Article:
The rise of Taylor bubbles in vertical and inclined pipes

Student thesis: Doctoral Thesis

Abstract

Slug flow is one of the key flow regimes encountered in multiphase flow systems. Through reviewing the literature, the researcher identified a research gap in performing a theoretical treatment to the problem, specifically using the dimensionless treatment and the order of magnitude analysis of equations of motions. To the best of the researcher' knowledge, an analysis of the literature identifies that there is a lack in the numerical studies on the drift of Taylor bubbles in inclined pipes with stagnant liquid.This thesis focuses on studying the flow of the Taylor bubble in the stagnant liquid, which is considered an essential characteristic part of the slug flow regime in pipes by performing theoretical treatment of the problem. To achieve this, the following two steps are carried out (i) Performing a complete dimensionless analysis to the rise of Taylor bubble through stagnant liquid in a vertical and inclined pipe, covering inclination range of 0≤ɣ≤90° with respect to the vertical position,(ii) Using the guideline of the order of magnitude analysis and the dimensionless group analysis, performing CFD study using the volume-of-fluid (VOF) methodology implemented in the commercial software ANSYS Fluent (Release 16.0) investigating the dynamics of single Taylor bubble drifting through stagnant Newtonian liquid in vertical and inclined pipe.The dimensionless analysis shows that different governing parameters appear according to the range of pipe inclination angle. The adopted CFD model shows good results for the dynamics of the Taylor bubble covering three main regions the bubble nose, the bubble body and the bubble wake regions.The simulation results show good agreement with the developed dimensionless treatment of the problem for all pipe inclination. No bubble propagates in a zero axial pressure gradient horizontal pipe, hence, a simplified model is suggested to solve the challenging problem of the three-dimensional Taylor bubble in the near horizontal and horizontal pipes.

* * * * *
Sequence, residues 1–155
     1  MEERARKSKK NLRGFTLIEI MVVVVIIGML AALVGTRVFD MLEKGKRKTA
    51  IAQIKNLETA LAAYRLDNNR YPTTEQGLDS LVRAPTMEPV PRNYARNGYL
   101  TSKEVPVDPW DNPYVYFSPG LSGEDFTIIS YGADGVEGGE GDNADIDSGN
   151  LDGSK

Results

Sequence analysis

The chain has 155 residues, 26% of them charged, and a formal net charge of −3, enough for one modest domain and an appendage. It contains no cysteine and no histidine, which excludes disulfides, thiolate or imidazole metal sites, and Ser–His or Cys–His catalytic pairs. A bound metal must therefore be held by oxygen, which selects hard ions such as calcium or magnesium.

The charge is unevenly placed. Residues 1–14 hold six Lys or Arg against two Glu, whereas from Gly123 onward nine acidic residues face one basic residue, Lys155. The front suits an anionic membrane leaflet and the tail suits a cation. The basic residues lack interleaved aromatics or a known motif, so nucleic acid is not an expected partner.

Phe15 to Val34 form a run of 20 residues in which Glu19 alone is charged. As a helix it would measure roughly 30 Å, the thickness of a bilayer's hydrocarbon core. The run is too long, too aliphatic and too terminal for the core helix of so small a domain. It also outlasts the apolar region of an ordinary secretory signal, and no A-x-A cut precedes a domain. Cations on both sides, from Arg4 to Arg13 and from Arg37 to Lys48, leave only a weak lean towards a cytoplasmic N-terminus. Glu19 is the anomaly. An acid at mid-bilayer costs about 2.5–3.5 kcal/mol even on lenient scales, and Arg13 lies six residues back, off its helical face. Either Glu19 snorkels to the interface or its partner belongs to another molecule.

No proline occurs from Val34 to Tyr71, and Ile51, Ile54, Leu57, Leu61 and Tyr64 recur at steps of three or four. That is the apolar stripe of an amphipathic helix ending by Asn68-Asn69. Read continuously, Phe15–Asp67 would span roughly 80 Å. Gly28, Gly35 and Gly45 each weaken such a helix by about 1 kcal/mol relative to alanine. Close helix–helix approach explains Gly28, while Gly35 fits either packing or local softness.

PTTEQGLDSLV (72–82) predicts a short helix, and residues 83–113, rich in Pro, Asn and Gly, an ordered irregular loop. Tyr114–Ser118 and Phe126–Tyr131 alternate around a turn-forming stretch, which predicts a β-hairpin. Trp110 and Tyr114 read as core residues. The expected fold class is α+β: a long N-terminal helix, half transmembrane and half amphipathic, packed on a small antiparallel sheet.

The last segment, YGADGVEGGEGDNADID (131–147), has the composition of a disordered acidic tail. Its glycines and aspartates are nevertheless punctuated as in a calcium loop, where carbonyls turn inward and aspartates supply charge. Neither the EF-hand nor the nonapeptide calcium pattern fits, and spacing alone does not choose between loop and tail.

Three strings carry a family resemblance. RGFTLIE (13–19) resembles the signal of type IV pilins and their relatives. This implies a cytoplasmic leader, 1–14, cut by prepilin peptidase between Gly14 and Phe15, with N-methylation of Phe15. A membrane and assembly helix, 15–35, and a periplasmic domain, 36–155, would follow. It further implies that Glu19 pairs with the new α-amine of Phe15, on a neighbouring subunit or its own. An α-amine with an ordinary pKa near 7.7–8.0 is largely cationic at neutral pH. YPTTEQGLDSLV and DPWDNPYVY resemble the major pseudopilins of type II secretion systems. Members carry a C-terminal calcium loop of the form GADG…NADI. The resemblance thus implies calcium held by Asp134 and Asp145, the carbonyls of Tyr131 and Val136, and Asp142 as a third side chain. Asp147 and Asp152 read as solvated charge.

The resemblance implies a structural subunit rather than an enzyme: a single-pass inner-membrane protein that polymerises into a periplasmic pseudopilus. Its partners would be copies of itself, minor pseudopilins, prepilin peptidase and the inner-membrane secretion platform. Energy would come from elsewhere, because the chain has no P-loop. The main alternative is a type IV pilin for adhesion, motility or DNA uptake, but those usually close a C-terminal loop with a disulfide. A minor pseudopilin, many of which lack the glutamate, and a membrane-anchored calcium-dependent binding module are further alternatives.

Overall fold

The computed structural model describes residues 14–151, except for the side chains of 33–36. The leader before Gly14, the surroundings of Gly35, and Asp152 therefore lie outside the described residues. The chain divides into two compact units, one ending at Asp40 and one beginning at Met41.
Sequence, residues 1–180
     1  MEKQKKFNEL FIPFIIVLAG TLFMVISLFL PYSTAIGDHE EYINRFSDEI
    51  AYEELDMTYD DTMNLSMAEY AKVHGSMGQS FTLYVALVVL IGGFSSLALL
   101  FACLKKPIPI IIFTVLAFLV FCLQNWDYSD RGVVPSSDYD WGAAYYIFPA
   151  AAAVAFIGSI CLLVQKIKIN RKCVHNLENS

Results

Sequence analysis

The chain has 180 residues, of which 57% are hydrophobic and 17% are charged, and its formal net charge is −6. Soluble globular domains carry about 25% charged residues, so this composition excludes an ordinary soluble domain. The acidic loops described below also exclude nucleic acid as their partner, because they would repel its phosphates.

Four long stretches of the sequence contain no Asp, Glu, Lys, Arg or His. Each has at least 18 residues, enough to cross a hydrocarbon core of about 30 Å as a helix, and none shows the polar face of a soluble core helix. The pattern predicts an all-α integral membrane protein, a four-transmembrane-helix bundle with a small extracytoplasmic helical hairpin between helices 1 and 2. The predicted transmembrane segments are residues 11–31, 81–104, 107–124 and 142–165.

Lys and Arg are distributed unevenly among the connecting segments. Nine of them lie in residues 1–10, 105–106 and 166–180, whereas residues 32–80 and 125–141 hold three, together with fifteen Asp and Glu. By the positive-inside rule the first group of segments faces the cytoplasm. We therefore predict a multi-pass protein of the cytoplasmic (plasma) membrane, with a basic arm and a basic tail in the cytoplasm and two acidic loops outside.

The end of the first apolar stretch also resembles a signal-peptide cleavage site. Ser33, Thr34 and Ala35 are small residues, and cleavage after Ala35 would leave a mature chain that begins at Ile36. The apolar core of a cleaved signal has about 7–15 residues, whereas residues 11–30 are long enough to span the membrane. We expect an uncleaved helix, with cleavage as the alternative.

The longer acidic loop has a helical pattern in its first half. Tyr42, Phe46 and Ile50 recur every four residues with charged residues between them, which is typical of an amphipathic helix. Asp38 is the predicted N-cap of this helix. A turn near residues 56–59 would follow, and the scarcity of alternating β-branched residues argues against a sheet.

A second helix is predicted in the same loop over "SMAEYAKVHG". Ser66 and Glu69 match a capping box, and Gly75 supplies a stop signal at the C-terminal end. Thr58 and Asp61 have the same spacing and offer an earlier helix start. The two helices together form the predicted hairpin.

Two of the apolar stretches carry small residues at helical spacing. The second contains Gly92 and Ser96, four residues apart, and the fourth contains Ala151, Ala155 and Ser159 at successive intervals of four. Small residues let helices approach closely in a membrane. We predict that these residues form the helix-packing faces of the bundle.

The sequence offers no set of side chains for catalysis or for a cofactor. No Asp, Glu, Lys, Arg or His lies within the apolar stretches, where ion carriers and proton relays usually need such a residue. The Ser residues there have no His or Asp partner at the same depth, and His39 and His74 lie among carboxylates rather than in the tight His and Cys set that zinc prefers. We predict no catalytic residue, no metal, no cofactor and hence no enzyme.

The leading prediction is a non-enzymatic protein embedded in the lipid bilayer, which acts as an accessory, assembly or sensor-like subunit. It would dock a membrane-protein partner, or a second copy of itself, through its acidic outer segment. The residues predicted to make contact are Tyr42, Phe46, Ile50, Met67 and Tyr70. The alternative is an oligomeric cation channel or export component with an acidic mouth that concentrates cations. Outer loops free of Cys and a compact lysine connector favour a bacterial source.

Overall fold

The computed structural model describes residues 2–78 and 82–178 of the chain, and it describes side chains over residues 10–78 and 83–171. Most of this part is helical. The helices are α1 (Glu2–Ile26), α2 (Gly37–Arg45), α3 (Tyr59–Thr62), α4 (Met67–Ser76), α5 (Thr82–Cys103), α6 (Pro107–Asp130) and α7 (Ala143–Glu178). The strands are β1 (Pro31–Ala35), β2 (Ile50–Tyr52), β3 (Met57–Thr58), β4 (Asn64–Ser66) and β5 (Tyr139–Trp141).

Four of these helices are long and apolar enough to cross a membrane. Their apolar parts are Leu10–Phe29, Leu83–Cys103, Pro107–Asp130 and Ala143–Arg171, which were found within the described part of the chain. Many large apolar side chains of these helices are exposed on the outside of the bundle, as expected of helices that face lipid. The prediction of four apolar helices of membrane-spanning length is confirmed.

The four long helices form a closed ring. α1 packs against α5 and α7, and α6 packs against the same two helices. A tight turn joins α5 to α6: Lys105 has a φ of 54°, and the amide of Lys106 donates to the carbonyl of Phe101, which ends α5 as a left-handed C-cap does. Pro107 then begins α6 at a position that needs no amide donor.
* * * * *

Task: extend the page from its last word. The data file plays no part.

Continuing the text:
Date of Award1 Jul 2017
LanguageEnglish
Awarding Institution
  • University Of Strathclyde
SupervisorQing Xiao (Supervisor) & Atilla Incecik (Supervisor)

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